I was personally looking at fuel injected lyco 182, post 200o model. My main interest is touring however. Still a couple of years away before I decided, will fly the club 182 for a while first and then decided.

 

 

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What about when all 3 are at 90-100kg? I've not flown the type, but would have thought that would have been a push.

Back in my GA days the flying school I worked in Bankstown had the only C172s, C182 and C206 on the airport so I did a lot of scenic flights in all 3 types. However most were done in the C172s.

 

In general most C172 flights fell into the following categories;

 

1. 2 pax ( young male taking his girlfriend up)

 

2. 2 pax (a dad/ mum taking their son/daughter for a fly)

 

3. 3 pax (young male taking his girlfriend and she brings a friend along for support)

 

4. 3 pax ( two young males and 1 female)

 

5. 3 pax (a dad/mum taking their 2 kids for for a fly)

 

Never once had 90-100kg blokes turn up and ask for a joy flight. If they did you would limit the flight to 30 mins and then you could carry them. Plus after 30 mins the two blokes in the back would want to get out as it would be rather tight in there.

 

Given CASA's proposed changes to scenic flights ie no AOC required I'm looking at doing the same idea and using a C172. The problem with the C182 is the extra cost of maintenance on the CSU plus the extra 2 cylinders (ie more spark plugs) and the extra fuel burn. If you need to carry 4 adults and bags all the time over a reasonable distance then C182 is the way to go. However if you are looking at doing 30-60 mins scenic flights then you can't beat the C172.

 

 

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I've been working on around 50$ hour which should include everything filters, fuel, scheduled maintenance. It doesn't always cover un scheduled surprises of course but for the hornet that has worked out fairly accurate.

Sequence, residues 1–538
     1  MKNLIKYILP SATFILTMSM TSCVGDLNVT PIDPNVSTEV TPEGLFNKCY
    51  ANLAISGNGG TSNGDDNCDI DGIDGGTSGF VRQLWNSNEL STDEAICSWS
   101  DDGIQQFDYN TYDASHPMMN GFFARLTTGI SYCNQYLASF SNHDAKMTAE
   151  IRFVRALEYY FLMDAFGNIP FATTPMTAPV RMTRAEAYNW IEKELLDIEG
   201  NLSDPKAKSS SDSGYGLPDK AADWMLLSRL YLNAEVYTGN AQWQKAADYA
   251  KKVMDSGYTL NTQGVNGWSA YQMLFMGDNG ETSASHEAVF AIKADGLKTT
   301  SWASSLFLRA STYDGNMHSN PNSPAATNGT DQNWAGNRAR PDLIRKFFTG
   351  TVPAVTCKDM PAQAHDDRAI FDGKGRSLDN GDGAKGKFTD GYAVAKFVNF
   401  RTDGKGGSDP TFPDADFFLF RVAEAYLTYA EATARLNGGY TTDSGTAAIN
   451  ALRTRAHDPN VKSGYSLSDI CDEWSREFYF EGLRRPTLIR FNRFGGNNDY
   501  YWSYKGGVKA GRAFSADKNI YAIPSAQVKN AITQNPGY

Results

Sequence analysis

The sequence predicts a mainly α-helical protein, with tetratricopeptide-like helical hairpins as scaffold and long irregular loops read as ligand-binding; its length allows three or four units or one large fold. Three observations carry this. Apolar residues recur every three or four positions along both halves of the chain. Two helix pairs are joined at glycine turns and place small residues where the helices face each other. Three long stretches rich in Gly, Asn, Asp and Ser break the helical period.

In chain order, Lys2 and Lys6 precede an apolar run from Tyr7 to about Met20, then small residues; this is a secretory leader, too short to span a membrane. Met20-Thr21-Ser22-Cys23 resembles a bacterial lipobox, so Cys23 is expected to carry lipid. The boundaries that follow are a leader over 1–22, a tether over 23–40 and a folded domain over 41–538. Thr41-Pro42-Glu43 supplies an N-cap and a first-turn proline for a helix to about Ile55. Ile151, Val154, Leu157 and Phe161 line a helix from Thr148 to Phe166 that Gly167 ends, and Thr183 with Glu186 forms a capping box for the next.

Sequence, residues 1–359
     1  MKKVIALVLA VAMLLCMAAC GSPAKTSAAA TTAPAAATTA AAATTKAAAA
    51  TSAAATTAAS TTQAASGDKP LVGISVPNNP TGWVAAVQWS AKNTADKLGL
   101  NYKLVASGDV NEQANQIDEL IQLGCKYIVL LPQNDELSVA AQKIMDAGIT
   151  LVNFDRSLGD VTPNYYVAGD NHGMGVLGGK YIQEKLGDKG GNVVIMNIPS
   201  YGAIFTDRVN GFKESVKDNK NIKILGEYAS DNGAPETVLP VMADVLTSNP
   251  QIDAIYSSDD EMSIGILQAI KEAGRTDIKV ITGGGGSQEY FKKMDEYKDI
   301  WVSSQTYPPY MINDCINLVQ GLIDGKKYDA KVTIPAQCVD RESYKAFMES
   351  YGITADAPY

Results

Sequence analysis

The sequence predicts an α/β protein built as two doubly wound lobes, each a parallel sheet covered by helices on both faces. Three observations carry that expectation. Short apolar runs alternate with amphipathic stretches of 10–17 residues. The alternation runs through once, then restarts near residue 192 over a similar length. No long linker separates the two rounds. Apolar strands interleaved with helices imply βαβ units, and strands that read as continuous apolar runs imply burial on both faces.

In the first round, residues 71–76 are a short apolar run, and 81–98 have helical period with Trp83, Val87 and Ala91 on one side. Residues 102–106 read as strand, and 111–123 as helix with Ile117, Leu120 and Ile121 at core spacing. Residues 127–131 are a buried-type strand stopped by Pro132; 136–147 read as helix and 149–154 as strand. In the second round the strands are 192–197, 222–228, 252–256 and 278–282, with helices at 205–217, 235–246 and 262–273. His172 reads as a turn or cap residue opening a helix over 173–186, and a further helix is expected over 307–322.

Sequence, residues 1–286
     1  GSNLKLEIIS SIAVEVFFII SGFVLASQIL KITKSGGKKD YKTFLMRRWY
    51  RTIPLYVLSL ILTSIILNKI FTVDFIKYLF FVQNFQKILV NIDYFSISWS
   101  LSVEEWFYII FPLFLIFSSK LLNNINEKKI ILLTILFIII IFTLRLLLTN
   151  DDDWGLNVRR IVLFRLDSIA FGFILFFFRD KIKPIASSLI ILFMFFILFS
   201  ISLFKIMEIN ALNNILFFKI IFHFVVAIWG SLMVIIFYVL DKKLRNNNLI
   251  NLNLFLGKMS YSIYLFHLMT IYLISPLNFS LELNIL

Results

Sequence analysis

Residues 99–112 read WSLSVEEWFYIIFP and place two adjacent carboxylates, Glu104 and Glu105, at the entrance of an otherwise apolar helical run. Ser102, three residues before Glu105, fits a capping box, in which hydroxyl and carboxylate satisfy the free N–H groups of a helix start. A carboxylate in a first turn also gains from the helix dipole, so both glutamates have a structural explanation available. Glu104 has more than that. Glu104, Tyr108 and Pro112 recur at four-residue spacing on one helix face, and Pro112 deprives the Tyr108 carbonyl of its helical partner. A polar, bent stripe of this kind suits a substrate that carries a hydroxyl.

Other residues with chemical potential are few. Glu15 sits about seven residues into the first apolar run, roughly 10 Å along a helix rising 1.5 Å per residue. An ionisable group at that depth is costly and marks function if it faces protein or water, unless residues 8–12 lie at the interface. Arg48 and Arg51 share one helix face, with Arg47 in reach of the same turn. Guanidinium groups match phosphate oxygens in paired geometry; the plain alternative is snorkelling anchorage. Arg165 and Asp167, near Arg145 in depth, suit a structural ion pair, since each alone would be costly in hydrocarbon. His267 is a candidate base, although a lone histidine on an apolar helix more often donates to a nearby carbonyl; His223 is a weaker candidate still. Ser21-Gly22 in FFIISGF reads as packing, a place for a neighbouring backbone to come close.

Since last January I've done 135 hrs so working on that gives me $6750 which roughly divided

 

Fuel (something that varies a lot depending on price as well as usage, I can poke around for 15 LPh or push at 24lph) averaged at 20lph and $1:30 per litre is around $3510 if I round that up to $3750 that covers fuel at $1:38 pl which then leaves 3000 for maintenance.

 

I do a oil and filter change every 33.33333333333(you get the idea) hours which I don't have the exact costs for but say 50$ for oil and 50$ for filter and add another 50$ for good measure gives you 150$ per 33 hrs so four changes since January equals 600$ which leaves $2400

 

I just had the hornet back to taree for an annual checkup and they replaced my windscreen and door screens, did the service and also found a few things I had missed (which is the whole idea of getting it double checked) like an engine mount brace which was broken (so embarrassed I missed something like that but that is what happens when you check your own plane over and over) anyway all in all it was around $3500 (which was good value for the hours that were put in) which is only 1000$ over my total hourly budget which I think is pretty good.

 

So it does depend an awful lot on a lot of things which are very variable but it is a rough guide for a self maintained (except of course the odd visit to taree) hornet:thumb up: